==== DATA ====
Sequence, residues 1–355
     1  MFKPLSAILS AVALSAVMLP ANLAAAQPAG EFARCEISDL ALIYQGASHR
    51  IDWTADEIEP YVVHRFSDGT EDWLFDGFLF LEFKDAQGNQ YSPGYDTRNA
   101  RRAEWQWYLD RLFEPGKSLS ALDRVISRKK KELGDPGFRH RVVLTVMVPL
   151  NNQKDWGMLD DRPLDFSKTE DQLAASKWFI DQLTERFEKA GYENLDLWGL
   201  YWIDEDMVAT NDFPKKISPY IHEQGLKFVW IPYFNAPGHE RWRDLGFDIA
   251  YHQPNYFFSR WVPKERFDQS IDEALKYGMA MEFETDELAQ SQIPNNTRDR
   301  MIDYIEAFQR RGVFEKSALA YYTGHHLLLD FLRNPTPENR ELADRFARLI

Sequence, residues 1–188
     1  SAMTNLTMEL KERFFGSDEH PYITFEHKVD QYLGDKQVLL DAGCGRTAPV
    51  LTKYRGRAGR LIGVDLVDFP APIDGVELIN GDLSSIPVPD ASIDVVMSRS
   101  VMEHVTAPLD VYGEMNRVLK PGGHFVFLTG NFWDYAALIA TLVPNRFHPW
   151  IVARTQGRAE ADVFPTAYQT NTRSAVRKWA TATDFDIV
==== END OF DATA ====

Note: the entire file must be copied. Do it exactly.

Sequence, residues 1–355
     1  MFKPLSAILS AVALSAVMLP ANLAAAQPAG EFARCEISDL ALIYQGASHR
    51  IDWTADEIEP YVVHRFSDGT EDWLFDGFLF LEFKDAQGNQ YSPGYDTRNA
   101  RRAEWQWYLD RLFEPGKSLS ALDRVISRKK KELGDPGFRH RVVLTVMVPL
   151  NNQKDWGMLD DRPLDFSKTE DQLAASKWFI DQLTERFEKA GYENLDLWGL
   201  YWIDEDMVAT NDFPKKISPY IHEQGLKFVW IPYFNAPGHE RWRDLGFDIA
   251  YHQPNYFFSR WVPKERFDQS IDEALKYGMA MEFETDELAQ SQIPNNTRDR
   301  MIDYIEAFQR RGVFEKSALA YYTGHHLLLD FLRNPTPENR ELADRFARLI

Sequence, residues 1–188
     1  SAMTNLTMEL KERFFGSDEH PYITFEHKVD QYLGDKQVLL DAGCGRTAPV
    51  LTKYRGRAGR LIGVDLVDFP APIDGVELIN GDLSSIPVPD ASIDVVMSRS
   101  VMEHVTAPLD VYGEMNRVLK PGGHFVFLTG NFWDYAALIA TLVPNRFHPW
   151  IVARTQGRAE ADVFPTAYQT NTRSAVRKWA TATDFDIV